John Wick: Chapter 3 - Parabellum
How to Train Your Dragon: The Hidden World
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I love this film, whimsical is the perfect description but with some serious issues hidden in the whimsy. A great cast make acting look so easy, Peter O'Toole is sublime. But Jeremy Northam, the always underrated Sam Neil and the quiet scene stealing of Bryan Brown make this a joy to watch.
Definitely a great movie if you love the whimsical and offbeat. Gotta love English movies and or Oscar Wilde like quipps to enjoy this one.
Netflix pick of the week. If you have wondered why men are often called dogs, check out this quirky tale about past lives lived. You may become a believer.
At the beginning, this movie seemed to me rather bland, slow. Also I was biased against the premise of transmigration of souls as a part of reincarnation. However, this was not an attempt to teach such a thing, but was a vehicle for the expression of wonderful thoughts and insights. However, I decided to stick with it and it then rolled me up inside it and I couldn't leave it. The screen writer for this must be a genius, it was told so well. The actors were superb. I was riveted. It was titillatingly funny, yet so deep into the roots of human heart and soul that I sobbed a bit. Wrung me out. Realized I might have missed some nuances (there are many) spread along the path of this great film, so I watched it again next day to see if I missed something, and to better understand the final scenes. I find a lot of movies so banal - this engaged my mind and heart, a great one-two punch, I think. Will buy this so I can watch it again whenever I want.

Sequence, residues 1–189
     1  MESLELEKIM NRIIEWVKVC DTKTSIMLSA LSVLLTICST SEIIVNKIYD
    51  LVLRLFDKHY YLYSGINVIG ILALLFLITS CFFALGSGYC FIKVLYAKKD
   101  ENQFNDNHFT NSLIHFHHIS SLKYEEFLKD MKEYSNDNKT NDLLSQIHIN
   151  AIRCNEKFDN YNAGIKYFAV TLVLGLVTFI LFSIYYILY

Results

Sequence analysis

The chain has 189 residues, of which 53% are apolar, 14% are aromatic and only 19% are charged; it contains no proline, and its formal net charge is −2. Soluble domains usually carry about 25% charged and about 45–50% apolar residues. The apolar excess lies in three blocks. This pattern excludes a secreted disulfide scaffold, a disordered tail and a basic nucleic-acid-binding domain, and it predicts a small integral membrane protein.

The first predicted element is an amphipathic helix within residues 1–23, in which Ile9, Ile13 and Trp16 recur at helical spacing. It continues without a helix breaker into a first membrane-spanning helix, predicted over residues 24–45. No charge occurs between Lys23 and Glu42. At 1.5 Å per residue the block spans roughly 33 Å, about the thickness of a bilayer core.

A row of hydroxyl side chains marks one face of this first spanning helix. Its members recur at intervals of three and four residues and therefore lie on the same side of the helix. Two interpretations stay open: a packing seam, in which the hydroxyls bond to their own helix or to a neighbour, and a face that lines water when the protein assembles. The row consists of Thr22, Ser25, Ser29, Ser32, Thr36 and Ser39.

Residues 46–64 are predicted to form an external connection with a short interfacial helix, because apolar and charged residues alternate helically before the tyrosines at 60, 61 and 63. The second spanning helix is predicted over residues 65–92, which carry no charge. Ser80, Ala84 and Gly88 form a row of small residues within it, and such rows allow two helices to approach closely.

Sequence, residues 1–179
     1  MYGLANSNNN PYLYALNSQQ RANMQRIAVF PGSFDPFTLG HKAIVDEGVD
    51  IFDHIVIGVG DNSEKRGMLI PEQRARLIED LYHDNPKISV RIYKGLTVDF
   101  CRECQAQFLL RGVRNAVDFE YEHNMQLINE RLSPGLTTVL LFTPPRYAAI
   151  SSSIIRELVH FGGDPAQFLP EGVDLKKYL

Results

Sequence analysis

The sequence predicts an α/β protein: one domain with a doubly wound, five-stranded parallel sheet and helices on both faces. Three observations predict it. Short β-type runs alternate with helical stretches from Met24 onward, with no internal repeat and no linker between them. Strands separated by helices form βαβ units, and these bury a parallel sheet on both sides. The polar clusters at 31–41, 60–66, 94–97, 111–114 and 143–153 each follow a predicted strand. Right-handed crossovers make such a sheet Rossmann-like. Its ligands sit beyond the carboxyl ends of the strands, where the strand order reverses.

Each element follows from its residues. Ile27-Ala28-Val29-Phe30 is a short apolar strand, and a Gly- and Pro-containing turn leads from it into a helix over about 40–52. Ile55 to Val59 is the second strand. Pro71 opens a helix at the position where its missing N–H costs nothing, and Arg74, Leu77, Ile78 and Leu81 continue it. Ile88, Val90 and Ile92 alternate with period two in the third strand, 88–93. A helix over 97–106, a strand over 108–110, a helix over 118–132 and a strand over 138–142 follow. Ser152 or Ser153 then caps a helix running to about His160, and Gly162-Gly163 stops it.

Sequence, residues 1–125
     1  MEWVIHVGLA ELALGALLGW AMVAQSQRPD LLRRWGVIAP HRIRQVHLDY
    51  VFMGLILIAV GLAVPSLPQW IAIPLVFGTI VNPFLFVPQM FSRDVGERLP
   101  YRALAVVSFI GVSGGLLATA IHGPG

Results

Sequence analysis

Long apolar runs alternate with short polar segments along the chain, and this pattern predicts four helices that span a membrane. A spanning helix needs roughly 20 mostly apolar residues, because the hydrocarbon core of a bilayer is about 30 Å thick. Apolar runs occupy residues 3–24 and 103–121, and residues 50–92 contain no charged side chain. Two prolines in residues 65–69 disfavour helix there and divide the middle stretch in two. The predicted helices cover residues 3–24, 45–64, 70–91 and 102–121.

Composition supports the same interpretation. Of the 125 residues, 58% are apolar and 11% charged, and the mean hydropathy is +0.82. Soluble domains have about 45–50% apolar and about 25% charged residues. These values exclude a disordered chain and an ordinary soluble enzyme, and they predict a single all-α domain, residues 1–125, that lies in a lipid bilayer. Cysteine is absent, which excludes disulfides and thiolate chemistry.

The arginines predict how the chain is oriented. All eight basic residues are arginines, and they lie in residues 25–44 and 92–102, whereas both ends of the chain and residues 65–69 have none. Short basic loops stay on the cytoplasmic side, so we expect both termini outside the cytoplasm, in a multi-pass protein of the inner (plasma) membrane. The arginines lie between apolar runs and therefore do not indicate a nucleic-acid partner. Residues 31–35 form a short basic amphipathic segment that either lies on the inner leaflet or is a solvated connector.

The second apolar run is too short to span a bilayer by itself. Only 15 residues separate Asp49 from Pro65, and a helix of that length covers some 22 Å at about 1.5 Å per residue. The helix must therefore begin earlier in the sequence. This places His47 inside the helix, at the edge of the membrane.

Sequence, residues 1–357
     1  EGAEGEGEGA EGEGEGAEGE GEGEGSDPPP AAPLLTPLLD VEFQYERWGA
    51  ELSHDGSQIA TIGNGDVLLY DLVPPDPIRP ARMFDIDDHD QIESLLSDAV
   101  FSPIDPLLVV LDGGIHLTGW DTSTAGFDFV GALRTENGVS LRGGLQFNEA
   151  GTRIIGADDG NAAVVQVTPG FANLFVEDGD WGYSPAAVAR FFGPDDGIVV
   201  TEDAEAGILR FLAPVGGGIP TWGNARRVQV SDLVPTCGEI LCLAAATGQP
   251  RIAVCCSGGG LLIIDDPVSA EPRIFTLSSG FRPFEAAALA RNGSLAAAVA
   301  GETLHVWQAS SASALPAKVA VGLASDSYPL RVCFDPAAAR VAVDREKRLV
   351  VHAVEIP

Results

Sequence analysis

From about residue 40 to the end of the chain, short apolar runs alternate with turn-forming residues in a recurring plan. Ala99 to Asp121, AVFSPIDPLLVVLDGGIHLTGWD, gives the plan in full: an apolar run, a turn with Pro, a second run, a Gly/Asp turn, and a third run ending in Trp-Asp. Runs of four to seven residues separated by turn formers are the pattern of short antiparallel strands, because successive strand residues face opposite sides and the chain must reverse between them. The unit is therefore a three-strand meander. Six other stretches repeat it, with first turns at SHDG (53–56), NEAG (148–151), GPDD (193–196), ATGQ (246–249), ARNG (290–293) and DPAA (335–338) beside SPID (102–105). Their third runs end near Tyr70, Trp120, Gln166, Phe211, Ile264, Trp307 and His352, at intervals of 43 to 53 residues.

One of the most heartwarming chamber pieces ever made.
a humorous, gentle, whimsical story about the journey of souls and a father and son's reconciliation. I watched it four times over the years, and each time find more humor and more wisdom in it. Perfect for this season.
wonderful film. very different and so beautifully told, acted and made. one of those magical small movies that deal with large themes.
Better than it should be, given an exceedingly sentimentalist ending.
Once again Peter O'Toole has treated filmgoers to a scenery-chewing but oddly subtle performance in this oddly touching film. It probably will appeal to people who have loved and lost dogs more than to those who haven't but watching the evolution of Horatio Fisk from a consistently grumpy and unpleasant geezer to a man who finally manages to resolve relationships with a lost dog, a dead son, and a living one from whom he has maintained distance, is a real treat.
An enjoyable romp with powerful performances and interesting psychology. Almost a stage drama in its simplicity, the dialogue is more important than the action. Totally implausible and wonderfully cathartic. O'Toole plays the eccentric elderly gentleman to perfection.